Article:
2014 Fantasy Football PPR Mock Draft: Round 1Scoring: This mock draft is based on re-draft leagues (2014 season only) and based on point-per-reception (PPR) scoring. Passing touchdowns are worth four points while rushing and receiving touchdowns are worth six points. Receptions are worth one point. In addition, one point is earned per 25 passing yards, 10 rushing yards and 10 receiving yards.
Mock Draft Start Date: Saturday, July 12th
Mock Draft End Date: TBD
Four of our site's contributors — Kevin Hanson, Brendan Donahue, Sean Beazley and Dan Yanotchko — will make picks for three teams of this 12-team mock. The mock will go 14 rounds with no kickers or team defenses selected.
Although this is a slow draft, we will post picks as they occur, along with comments from Kevin Hanson, instead of waiting until the entire mock draft is complete.
1.01 - Brendan Donahue (Team 1): Jamaal Charles, RB, Kansas City Chiefs
Charles led the league in total touchdowns with 19 — 12 rushing and seven receiving scores. As great as that was for his fantasy owners in 2013, it will be unlikely for Charles to repeat. If you remember back to 2011, LeSean McCoy scored a league-high 20 touchdowns and then followed that up with just five total touchdowns in 2012.
It certainly wouldn't be a knock on Charles if he does not repeat last year's scoring fest and I'm not projecting a drop to five total touchdowns for him. That said, what he did last season is rare as the only running backs with 19-plus touchdowns in the past seven seasons are: Charles (2013), McCoy (2011) and DeAngelo Williams (2008).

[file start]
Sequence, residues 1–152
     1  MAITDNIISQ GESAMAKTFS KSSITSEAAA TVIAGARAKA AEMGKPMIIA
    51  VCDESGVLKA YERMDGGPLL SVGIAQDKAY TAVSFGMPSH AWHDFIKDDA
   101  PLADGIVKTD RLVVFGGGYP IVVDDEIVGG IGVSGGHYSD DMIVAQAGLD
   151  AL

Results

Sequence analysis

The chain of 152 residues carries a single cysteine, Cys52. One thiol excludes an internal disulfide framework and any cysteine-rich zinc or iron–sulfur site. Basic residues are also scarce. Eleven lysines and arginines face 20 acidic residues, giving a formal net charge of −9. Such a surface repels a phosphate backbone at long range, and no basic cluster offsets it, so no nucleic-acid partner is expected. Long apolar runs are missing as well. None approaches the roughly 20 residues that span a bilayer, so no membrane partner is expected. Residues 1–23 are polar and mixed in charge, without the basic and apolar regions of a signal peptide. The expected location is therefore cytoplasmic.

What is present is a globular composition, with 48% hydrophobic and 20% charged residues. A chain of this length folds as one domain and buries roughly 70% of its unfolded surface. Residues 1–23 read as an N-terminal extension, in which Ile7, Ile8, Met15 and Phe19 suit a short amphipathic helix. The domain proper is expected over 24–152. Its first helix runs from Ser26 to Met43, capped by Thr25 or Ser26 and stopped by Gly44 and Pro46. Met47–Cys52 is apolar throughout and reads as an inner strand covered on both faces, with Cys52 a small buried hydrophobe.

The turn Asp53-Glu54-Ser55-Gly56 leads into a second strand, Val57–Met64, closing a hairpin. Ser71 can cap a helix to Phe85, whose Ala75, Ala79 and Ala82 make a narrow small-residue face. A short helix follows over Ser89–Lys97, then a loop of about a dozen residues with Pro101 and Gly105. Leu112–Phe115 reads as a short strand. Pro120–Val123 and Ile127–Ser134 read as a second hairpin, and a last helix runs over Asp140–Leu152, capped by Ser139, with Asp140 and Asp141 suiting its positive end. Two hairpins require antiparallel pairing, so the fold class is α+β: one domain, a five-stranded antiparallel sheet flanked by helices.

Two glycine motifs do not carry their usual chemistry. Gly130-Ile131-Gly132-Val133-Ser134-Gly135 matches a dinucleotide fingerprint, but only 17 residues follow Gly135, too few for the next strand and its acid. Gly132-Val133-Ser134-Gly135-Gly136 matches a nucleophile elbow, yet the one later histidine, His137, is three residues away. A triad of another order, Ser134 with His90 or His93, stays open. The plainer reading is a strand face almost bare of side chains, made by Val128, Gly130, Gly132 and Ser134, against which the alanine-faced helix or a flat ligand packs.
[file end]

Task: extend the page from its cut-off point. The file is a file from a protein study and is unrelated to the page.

Playing one less game than McCoy as the Chiefs rested their starters in Week 17, Charles set a career high in yards from scrimmage (1,980) and that ranked second only to McCoy. No player had as many games with 100-plus YFS than Charles (13) last season. In addition, Charles set a career high in receptions (70) and finished fifth in the league among running backs in that category.
1.02 - Sean Beazley (Team 1): LeSean McCoy, RB, Philadelphia Eagles
McCoy led the NFL in rushing yards (1,607), yards from scrimmage (2,146) and touches (366) in his first season playing in Chip Kelly's offense. With the addition of Darren Sproles to the team's backfield, McCoy should see a few less targets in the passing game and it's unlikely he duplicates his career-high 314 carries this year. That said, I still McCoy projected for a healthy 330 touches in 2014.
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1.03 - Dan Yanotchko (Team 1): Matt Forte, RB, Chicago Bears
In his first season with Marc Trestman as coach, Forte set career highs across the board: 1,339 rushing yards, 74 receptions and 594 receiving yards. He tied his previous career high in touchdowns (12). Forte finished third in YFS behind McCoy and Charles and third in receptions among RBs behind Pierre Thomas (77) and Danny Woodhead (76).
With a talented duo of outside receivers in Alshon Jeffery and Brandon Marshall, Forte has protection from consistent eight-men fronts looking to slow down the run. In addition, both of those receivers are big-bodied wideouts that excel as blockers down the field. Based on PFF grades, Marshall and Jeffery were the best and ninth-best blocking wide receivers, respectively, last season.
1.04 - Kevin Hanson (Team 1): Adrian Peterson, RB, Minnesota Vikings